View from Portugal: Strike adds to plunging confidence

Tired of paying the price for the country's financial troubles, hundreds of thousands of Portuguese workers walked out on strike yesterday in protest against government plans to raise taxes, freeze pensions and cut public sector salaries. Factories halted production, trains sat idle, schools closed and air traffic was grounded at Lisbon's airport in Portugal's largest general strike for 22 years.

The strike, led by the nation's two major unions, representing 1.5 million people, comes as the Socialist Prime Minister Jose Socrates attempts to restore investor confidence in the country with a second round of deficit-reducing measures. As its bond ratings take a beating, the Portuguese government is trying to escape the fate of Greece and Ireland, where debt crises led to near financial collapse and bailouts. But Portuguese workers fear the austerity measures will fuel unemployment and hurt the poorest sectors of society, who are forced to pay the price for investor jitters.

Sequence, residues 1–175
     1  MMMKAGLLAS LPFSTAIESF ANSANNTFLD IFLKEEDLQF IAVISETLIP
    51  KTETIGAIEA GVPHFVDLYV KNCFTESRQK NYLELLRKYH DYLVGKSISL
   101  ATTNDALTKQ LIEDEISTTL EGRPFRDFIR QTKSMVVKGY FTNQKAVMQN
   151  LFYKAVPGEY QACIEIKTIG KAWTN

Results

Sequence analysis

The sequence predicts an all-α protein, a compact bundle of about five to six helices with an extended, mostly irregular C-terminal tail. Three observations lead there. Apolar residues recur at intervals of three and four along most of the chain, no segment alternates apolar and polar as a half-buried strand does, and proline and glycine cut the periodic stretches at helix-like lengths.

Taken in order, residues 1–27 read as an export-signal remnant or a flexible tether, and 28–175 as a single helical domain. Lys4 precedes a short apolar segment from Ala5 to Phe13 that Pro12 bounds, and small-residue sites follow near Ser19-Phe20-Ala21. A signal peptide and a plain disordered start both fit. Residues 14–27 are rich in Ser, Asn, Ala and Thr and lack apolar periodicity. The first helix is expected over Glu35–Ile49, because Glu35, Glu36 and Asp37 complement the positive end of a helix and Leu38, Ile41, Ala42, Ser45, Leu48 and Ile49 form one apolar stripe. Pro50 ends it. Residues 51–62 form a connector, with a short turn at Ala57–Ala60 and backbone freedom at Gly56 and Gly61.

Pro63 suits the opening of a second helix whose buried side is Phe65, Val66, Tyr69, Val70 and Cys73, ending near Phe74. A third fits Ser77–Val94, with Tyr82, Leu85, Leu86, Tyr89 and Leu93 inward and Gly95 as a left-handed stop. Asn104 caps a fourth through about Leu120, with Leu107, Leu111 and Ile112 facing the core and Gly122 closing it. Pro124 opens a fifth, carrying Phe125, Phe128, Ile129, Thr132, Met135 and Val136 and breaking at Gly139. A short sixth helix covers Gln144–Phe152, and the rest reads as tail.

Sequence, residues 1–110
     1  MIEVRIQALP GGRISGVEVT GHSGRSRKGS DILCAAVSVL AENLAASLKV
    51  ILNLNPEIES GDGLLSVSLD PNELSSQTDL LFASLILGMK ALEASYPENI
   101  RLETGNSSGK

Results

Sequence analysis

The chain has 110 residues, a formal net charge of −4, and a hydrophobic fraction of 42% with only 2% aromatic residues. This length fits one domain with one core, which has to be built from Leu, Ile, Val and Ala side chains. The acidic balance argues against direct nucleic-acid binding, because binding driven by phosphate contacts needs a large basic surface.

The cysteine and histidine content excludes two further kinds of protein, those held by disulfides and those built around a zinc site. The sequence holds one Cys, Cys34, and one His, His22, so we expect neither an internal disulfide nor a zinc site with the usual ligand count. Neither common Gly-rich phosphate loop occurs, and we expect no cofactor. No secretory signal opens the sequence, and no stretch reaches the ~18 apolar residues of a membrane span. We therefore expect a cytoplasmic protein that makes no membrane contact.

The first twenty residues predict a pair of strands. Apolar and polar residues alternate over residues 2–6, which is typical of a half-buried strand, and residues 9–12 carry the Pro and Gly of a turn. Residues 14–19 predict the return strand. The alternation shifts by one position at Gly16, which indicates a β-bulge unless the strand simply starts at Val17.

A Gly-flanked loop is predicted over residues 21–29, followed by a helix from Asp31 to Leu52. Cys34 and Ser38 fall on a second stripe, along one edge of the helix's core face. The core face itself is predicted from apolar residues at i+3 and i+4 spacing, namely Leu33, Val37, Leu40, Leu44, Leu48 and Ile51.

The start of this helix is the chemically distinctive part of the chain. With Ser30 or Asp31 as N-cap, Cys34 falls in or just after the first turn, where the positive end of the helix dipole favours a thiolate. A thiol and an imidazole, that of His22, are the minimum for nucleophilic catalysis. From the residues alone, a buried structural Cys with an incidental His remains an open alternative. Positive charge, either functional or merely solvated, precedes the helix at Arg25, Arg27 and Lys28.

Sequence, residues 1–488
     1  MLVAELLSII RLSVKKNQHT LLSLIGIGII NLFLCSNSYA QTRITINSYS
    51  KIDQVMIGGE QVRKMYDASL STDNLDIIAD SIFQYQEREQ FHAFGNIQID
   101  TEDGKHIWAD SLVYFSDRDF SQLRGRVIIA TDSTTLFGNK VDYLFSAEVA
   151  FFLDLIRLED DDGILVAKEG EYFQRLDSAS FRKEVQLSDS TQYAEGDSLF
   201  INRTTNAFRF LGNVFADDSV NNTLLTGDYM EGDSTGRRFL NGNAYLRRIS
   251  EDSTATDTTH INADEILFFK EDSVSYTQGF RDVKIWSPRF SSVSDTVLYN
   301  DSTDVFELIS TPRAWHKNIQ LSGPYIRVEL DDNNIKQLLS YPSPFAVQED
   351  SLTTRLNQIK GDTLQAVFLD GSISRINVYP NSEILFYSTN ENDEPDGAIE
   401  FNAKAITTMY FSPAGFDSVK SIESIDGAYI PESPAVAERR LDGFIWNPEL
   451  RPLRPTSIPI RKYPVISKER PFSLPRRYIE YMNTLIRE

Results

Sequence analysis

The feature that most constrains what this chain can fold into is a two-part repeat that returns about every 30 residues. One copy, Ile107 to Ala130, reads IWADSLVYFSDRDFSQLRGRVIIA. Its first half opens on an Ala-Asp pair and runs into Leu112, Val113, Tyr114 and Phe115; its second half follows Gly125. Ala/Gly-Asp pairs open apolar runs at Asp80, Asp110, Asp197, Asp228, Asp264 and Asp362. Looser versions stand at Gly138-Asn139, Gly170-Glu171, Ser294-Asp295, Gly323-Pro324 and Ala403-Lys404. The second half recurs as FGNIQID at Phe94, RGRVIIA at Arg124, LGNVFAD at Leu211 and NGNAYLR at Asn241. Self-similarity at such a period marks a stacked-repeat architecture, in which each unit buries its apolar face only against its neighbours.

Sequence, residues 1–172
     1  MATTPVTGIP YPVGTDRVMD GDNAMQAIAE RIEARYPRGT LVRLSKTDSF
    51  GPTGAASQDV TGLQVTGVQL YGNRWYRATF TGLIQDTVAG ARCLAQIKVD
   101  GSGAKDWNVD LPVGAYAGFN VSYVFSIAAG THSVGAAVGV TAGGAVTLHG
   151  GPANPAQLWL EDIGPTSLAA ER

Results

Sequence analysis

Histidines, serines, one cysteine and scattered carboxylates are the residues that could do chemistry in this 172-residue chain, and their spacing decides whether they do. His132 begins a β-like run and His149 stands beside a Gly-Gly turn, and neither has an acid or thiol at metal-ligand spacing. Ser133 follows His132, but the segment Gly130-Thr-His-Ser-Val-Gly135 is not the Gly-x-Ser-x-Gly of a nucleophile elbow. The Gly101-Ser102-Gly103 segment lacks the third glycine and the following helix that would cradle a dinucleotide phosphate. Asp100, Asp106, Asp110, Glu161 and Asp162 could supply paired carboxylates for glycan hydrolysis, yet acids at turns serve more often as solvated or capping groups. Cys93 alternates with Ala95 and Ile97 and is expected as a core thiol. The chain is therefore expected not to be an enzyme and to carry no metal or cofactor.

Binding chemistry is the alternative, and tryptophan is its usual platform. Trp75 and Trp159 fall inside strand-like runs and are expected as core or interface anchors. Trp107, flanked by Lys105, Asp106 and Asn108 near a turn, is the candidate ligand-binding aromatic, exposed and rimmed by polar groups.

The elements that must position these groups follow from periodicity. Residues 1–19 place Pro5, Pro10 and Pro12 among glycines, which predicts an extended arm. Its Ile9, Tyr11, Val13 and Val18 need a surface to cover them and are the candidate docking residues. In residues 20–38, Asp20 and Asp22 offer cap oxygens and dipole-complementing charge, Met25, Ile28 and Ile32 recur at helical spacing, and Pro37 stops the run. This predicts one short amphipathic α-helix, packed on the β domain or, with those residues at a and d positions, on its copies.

"It's the workers who are paying for the crisis, not the bankers nor the shareholders of big companies," Leandro Martins, a 65-year-old pensioner, told Reuters.

"People are outraged by the injustice," a trade union leader, Manuel Carvalho da Silva, said.

That anger stopped 80 per cent of the country's trains running, all of Lisbon's metro lines, and nearly 45 per cent of health workers stayed at home.